When you speak in meetings or give presentations, your words matter. In addition to communicating your ideas, they help to communicate your confidence (or lack thereof).
For example, if you overuse filler and pause words such as “um,” “ah,” and “you know,” you sound tentative and unprepared. While a few filler words are fine, if every other word is a filler, or you always use fillers to get from one point or one slide to the next, you won’t sound confident.
Also avoid the category of words that I call minimizers. Words like “sorta” and “kinda” minimize the impact of the statement you’re making. I’ve actually heard people use these minimizers in their introductions; “I kinda run the back-office operations,” or “I’m sorta handling all the new customers.”
My personal pet peeve is use of the minimizer word “just.” Unless you are talking about legal justice, do not use the word “just.” I hear “just” all the time in meetings and presentations:
· When there is a question: “I just have a question” or “I just want to know”
· When someone has an idea: “I just want to make a suggestion” or “I just want to say”
· When introducing themselves: “I’m just a researcher” or “I’m just an accountant”
· “I have a question” or “I would like to know”
· “Here is my suggestion” or “I would like to know”
· “I’m a researcher” or “I’m an accountant”
Also limit your use of “I’m sorry.” Unless you step on my foot, don’t apologize. There is no need to apologize for asking a question, asking for clarification or wanting to make a point. Over-apologizing makes you sound like you don’t belong at the table and that you don’t have the right to speak up and be heard.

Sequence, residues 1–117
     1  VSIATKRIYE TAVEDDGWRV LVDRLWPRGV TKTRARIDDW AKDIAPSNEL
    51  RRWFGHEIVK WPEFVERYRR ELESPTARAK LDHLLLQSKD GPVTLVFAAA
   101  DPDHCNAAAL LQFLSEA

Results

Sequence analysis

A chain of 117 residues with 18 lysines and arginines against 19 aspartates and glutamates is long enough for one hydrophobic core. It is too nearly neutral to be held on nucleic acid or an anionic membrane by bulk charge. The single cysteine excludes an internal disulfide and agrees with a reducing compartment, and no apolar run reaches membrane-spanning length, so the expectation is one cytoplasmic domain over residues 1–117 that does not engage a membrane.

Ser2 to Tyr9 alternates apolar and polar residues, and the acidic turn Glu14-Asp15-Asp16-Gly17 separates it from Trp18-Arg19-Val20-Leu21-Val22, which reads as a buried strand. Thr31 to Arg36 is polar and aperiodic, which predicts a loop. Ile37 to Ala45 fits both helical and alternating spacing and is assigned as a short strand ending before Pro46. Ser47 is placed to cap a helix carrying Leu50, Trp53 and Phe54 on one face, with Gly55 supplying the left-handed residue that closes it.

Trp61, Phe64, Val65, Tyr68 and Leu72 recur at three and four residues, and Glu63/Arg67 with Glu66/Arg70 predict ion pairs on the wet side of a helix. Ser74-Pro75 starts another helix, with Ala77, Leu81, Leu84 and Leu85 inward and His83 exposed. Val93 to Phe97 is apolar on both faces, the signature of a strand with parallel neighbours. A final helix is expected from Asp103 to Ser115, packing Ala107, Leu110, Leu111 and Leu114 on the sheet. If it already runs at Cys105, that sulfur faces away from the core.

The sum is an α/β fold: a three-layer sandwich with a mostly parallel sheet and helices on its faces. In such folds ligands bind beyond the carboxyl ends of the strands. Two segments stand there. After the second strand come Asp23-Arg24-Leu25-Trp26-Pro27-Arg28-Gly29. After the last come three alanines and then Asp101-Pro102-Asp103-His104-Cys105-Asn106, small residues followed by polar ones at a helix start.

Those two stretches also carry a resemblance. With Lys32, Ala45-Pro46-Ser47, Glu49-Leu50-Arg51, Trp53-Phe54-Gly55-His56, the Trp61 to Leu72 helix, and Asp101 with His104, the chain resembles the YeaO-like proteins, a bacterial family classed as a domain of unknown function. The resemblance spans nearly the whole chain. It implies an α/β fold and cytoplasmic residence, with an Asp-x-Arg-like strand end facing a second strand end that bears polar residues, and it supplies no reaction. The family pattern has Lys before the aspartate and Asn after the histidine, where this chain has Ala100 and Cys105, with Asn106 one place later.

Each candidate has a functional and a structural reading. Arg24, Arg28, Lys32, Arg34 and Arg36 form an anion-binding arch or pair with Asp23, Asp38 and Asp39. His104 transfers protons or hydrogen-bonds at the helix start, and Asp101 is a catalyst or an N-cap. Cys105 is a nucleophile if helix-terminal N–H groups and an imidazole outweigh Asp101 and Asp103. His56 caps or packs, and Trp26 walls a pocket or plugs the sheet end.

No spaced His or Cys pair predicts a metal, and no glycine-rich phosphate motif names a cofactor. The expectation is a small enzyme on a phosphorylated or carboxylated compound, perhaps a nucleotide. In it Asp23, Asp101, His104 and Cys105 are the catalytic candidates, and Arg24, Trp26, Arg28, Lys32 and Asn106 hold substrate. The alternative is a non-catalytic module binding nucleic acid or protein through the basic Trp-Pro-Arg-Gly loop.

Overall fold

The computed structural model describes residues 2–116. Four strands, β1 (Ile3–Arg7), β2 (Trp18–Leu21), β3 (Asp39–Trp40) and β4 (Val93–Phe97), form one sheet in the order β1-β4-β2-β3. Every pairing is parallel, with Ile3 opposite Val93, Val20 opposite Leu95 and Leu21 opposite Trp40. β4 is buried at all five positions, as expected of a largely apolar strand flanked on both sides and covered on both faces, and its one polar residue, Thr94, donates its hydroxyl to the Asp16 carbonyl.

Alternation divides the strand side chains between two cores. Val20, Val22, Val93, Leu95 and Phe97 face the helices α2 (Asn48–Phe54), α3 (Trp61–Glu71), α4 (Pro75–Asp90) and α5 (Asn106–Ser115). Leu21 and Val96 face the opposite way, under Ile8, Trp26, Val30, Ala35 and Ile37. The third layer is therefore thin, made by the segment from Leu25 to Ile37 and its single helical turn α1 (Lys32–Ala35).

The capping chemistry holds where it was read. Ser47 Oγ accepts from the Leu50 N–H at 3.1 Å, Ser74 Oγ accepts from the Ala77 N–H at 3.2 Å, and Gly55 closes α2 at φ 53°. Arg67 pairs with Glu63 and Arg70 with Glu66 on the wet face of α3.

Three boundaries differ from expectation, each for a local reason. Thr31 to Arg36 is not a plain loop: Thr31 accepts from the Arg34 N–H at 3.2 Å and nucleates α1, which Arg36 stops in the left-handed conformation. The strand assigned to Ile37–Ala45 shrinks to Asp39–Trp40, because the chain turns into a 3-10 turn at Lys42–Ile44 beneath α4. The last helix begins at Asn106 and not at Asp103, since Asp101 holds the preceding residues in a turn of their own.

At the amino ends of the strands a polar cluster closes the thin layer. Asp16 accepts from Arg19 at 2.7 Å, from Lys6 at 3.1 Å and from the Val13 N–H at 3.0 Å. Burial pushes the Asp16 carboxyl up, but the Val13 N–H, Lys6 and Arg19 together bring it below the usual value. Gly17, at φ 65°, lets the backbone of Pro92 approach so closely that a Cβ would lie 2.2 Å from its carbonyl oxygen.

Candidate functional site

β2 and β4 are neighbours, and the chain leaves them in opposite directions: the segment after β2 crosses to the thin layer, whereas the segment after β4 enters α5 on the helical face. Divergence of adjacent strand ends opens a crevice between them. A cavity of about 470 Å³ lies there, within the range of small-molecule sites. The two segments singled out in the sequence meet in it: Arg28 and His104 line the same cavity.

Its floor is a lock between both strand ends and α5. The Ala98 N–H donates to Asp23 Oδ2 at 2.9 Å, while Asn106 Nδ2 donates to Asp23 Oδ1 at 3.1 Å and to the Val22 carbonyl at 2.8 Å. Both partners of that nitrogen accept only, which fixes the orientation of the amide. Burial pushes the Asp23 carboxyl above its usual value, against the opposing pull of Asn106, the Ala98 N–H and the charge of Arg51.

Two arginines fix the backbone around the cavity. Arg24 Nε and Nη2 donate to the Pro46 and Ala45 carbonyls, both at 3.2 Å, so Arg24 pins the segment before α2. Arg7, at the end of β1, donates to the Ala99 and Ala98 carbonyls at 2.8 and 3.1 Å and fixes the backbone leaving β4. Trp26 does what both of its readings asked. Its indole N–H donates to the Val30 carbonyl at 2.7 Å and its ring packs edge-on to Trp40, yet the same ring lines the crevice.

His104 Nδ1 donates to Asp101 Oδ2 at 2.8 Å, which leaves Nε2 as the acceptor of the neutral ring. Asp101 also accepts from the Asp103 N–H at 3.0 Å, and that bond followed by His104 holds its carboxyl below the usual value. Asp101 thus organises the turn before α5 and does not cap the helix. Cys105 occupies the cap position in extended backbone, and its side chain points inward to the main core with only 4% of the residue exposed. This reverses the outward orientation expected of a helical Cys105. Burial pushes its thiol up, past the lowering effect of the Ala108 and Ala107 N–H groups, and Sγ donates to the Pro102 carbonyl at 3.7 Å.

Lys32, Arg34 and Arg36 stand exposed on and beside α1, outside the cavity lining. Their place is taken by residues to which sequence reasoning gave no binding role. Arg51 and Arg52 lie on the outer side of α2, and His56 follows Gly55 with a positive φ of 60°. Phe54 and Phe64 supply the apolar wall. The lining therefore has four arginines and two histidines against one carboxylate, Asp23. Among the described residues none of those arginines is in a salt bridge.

How Do You Eliminate Weak Language?
To make your language stronger, record yourself presenting or leaving a voice mail and then listen to it. Identify your weak words and then practice without them. As with all practice, at first this will feel unnatural, but eventually you will become more comfortable.
The next time you have to present or speak at a meet, remove your filler words and minimizers and instead, use confident, definitive language. You will make it easier for the audience to build a positive perception about your leadership presence - not only your communication abilities, but also your expertise and competence. In turn, they will be more likely to pay attention and be influenced by you.
© Gilda Bonanno LLC - Gilda Bonanno serves as a trusted advisor to executives and entrepreneurs to transform their communication, presentation and leadership skills. She has worked with companies on 4 continents, from Chicago to Shanghai and Rio to Rome. The instructional videos on her YouTube channel have received over 2 million views and her e-newsletter has reached subscribers in over 45 countries since 2008. For other articles or to receive Gilda's e-newsletter, visit www.gildabonanno.com